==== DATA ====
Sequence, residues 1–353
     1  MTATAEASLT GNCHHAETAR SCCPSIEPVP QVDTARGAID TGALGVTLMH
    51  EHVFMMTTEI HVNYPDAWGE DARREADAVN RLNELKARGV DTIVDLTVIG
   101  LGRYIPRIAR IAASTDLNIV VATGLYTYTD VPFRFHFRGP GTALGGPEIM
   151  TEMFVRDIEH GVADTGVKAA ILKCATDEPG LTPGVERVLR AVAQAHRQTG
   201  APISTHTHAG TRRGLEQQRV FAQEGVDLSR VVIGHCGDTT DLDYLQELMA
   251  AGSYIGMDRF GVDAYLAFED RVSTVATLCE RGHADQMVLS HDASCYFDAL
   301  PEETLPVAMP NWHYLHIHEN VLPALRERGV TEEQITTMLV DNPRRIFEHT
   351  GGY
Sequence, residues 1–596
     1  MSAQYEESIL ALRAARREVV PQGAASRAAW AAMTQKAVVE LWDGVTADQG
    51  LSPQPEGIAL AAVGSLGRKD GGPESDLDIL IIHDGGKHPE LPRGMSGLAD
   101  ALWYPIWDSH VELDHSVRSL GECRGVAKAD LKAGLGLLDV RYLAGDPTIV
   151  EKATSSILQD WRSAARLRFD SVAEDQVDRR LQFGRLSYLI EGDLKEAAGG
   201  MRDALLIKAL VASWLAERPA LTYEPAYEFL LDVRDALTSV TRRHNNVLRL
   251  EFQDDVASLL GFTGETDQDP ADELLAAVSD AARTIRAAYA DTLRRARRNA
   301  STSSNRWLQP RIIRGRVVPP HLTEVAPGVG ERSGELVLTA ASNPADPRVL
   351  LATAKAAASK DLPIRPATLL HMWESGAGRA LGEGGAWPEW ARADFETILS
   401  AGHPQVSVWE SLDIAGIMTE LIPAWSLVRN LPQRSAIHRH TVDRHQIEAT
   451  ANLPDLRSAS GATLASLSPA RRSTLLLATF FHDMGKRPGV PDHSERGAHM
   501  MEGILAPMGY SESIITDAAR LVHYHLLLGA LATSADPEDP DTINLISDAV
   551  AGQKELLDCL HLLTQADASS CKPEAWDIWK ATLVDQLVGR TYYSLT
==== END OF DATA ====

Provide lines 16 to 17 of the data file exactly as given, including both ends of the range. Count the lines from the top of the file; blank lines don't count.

   251  EFQDDVASLL GFTGETDQDP ADELLAAVSD AARTIRAAYA DTLRRARRNA
   301  STSSNRWLQP RIIRGRVVPP HLTEVAPGVG ERSGELVLTA ASNPADPRVL